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Effects of tobacco-related media campaigns on smoking among 20–30-year-old adults: longitudinal data from the USA
  1. Yvonne M Terry-McElrath1,
  2. Sherry Emery2,
  3. Melanie A Wakefield3,
  4. Patrick M O'Malley1,
  5. Glen Szczypka2,
  6. Lloyd D Johnston1
  1. 1Institute for Social Research, University of Michigan, Ann Arbor, Michigan, USA
  2. 2Institute for Health Research and Policy, University of Illinois at Chicago, Chicago, Illinois, USA
  3. 3Center for Behavioural Research in Cancer, Cancer Council Victoria, Carlton, Victoria, Australia
  1. Correspondence to Yvonne Terry-McElrath, Institute for Social Research, University of Michigan, PO Box 1248, Ann Arbor, MI 48106-1248, USA; yterry{at}umich.edu

Abstract

Objective Young adults in the USA have one of the highest smoking prevalence rates of any age group, and young adulthood is a critical time period of targeting by the tobacco industry. The authors examined relationships between potential exposure to tobacco-related media campaigns from a variety of sponsors and 2-year smoking change measures among a longitudinal sample of US adults aged 20–30 years from 2001 to 2008.

Methods Self-report data were collected from a longitudinal sample of 12 931 US young adults from age 20 to 30. These data were merged with tobacco-related advertising exposure data from Nielsen Media Research. Two-year measures of change in smoking were regressed on advertising exposures.

Results Two-year smoking uptake was unrelated to advertising exposure. The odds of quitting among all smokers and reduction among daily smokers in the 2 years between the prior and current survey were positively related to anti-tobacco advertising, especially potential exposure levels of 104–155 ads over the past 24 months. Tobacco company advertising (including corporate image and anti-smoking) and pharmaceutical industry advertising were unrelated to quitting or reduction.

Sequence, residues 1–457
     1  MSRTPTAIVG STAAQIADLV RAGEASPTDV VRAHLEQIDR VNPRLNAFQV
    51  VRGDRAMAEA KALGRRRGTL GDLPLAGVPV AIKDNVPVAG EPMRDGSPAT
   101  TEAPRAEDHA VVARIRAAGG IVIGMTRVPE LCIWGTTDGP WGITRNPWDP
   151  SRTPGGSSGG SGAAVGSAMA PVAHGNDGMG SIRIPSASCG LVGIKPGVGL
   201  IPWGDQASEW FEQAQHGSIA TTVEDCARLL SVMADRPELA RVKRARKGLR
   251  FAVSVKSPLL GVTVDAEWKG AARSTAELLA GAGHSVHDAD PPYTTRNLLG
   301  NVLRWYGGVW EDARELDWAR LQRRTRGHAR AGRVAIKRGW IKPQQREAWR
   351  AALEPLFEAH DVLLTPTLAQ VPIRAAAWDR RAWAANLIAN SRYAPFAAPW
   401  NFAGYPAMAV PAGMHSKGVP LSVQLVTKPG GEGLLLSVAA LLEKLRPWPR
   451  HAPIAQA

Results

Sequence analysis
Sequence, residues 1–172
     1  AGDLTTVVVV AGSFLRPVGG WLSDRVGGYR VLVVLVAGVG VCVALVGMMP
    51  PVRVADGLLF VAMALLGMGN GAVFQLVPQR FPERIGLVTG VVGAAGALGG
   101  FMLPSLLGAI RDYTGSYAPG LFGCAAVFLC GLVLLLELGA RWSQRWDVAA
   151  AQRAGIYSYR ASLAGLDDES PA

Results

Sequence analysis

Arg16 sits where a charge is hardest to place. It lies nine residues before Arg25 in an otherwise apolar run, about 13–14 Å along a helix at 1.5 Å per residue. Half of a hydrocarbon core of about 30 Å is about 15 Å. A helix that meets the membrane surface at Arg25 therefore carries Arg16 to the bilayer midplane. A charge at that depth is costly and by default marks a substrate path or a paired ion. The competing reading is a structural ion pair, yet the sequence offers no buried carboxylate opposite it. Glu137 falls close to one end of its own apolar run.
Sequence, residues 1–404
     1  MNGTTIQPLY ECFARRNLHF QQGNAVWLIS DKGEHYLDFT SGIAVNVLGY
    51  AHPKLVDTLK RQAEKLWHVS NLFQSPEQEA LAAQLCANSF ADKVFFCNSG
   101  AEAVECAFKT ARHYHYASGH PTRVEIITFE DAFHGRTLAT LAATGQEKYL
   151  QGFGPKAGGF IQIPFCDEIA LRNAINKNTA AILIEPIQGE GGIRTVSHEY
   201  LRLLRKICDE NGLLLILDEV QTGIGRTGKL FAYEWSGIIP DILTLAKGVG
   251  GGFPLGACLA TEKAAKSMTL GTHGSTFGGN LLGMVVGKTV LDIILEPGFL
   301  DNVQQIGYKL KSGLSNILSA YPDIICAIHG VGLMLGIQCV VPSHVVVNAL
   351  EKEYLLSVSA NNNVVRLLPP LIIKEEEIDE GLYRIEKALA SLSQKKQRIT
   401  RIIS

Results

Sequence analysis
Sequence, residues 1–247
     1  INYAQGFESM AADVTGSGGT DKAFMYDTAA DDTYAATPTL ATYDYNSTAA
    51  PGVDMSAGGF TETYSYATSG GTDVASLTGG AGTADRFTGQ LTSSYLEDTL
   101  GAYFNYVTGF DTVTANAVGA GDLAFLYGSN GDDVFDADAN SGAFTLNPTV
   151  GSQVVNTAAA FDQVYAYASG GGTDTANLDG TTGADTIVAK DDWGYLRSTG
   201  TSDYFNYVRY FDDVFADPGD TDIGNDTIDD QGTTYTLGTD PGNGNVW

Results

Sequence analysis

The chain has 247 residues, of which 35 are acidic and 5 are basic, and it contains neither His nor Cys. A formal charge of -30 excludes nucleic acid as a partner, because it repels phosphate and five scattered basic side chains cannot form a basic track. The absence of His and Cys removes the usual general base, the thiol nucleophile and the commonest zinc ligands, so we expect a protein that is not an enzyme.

Conclusion Continued support for sustained, public health-based well-funded anti-tobacco media campaigns may help reduce tobacco use among young adults.

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Footnotes

  • Funding Monitoring the Future is supported by the National Institute on Drug Abuse (DA01411 and DA016575). Additional grant support was obtained from the National Cancer Institute (CA123444) and the Robert Wood Johnson Foundation (64703). The views expressed in this article are those of the authors and do not necessarily reflect the views of the funders.

  • Competing interests None.

  • Ethics approval Ethical approval was provided by University of Michigan Behavioral Sciences Institutional Review Board and University of Illinois at Chicago Behavioral Sciences Institutional Review Board.

  • Provenance and peer review Not commissioned; externally peer reviewed.

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